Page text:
Infantry - Daily Life

Daily Life

Because of the very nature of the work, with firearms, explosives, physical-emotional stress, and genuine physical violence, casualties and deaths are not uncommon in both war and in peacetime training or operations. It is a highly dangerous and demanding occupation.

The physical, mental and environmental operating demands of the Infantryman are extreme. All of the combat necessities such as ammunition, weapon systems, food, water, clothing, shelter etc. are literally carried on the backs of the infantrymen. Combat loads of over 36 kg (80 lbs) are standard and greater loads in excess of 45 kg (100 lbs) are very common., These heavy loads, combined with long foot patrols of over 25 miles a day, in any climate from 43 degrees (110 Fahrenheit) heat to −29 degrees (-20 Fahrenheit) cold, demand the infantryman to be in extraordinary physical and mental shape. Infantrymen live and fight outside in all types of brutal climates, oftentimes with no physical shelter. This adds additional misery to this already demanding job. Frostbite, heat stroke, trench foot, insect and wild animal bites are common. Due to these shared hardships and experiences, infantrymen develop strong bonds and mutual respect that last a lifetime.

Despite the hardships, infantrymen are exceptionally disciplined, well trained professionals that are expected to continue with their combat missions despite death and injury of friends, fear, despair, fatigue and bodily injury. This is exemplified in the United States Army by an excerpt from the infantryman's creed:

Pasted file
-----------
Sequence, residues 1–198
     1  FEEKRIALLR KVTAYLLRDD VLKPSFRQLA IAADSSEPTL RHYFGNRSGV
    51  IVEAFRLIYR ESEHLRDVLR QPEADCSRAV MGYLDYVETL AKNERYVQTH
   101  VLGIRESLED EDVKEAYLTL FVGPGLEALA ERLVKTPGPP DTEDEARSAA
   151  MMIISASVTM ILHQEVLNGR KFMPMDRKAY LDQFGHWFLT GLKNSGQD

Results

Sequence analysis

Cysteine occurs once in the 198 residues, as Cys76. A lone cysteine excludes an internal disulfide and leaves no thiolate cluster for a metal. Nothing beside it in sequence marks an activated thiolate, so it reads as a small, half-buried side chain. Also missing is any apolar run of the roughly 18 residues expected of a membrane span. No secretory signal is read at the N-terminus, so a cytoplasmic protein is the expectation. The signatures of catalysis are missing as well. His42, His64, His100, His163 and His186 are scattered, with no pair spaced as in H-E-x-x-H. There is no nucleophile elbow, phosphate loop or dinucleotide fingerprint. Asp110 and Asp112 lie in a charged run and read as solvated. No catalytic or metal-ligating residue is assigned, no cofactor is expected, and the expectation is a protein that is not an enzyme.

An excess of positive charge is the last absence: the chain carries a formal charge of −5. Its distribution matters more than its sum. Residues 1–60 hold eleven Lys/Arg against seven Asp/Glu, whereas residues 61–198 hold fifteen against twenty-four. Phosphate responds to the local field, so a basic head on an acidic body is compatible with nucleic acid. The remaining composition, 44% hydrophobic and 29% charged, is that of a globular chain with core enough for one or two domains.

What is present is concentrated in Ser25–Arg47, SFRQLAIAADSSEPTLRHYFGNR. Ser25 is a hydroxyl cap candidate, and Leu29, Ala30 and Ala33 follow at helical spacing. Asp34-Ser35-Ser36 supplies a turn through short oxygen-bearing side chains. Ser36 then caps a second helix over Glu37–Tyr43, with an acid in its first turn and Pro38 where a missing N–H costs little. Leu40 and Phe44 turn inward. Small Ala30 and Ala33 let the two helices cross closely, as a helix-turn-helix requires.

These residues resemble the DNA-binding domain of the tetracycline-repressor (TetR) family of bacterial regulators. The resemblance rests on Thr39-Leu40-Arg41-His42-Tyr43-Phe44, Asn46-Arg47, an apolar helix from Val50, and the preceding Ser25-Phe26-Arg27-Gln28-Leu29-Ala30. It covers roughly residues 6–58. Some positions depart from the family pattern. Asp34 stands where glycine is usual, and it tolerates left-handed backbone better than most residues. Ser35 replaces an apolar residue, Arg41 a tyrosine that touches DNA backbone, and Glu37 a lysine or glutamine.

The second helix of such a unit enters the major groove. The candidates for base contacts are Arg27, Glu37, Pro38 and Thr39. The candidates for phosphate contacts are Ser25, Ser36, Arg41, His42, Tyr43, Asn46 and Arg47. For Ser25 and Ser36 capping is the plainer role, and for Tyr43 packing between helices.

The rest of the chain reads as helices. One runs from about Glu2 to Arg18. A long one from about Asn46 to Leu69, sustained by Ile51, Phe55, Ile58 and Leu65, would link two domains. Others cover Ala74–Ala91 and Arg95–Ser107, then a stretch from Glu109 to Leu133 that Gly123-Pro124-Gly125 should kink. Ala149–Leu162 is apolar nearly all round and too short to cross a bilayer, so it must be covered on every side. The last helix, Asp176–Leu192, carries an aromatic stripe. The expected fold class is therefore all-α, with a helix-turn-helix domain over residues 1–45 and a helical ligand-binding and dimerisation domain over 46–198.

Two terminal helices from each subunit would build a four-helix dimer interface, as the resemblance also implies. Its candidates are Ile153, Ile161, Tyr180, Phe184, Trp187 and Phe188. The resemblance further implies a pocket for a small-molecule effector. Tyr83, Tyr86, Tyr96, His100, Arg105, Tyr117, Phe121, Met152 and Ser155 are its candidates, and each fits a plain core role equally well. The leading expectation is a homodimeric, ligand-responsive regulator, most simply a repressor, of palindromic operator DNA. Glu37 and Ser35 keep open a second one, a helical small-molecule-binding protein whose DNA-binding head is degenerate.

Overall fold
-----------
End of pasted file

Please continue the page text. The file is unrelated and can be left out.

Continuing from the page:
In the race for victory, I am swift, determined, and courageous; Armed with a fierce will to win. Never will I fail my country's trust. Always I fight on: through the foe, to the objective, to triumph over all. If necessary, I fight to my death.

United States Army Rangers, a form of special operations light infantry, have their own Ranger Creed that demands faithful service from the infantryman even "...though I be the lone survivor." Some Infantry units are considered Special Forces. The earliest Special Forces commando units were specially trained infantrymen with special equipment and missions. Special Forces Units recruit heavily from Infantry units to fill their ranks.

Foreign and domestic militaries typically have a slang term for their Infantrymen. In the U.S. military, the slang term among both Marine and Army Infantrymen for themselves is "grunt." The infantry is a small close-knit community, and the slang name is a term of endearment that conveys mutual respect and shared experiences .

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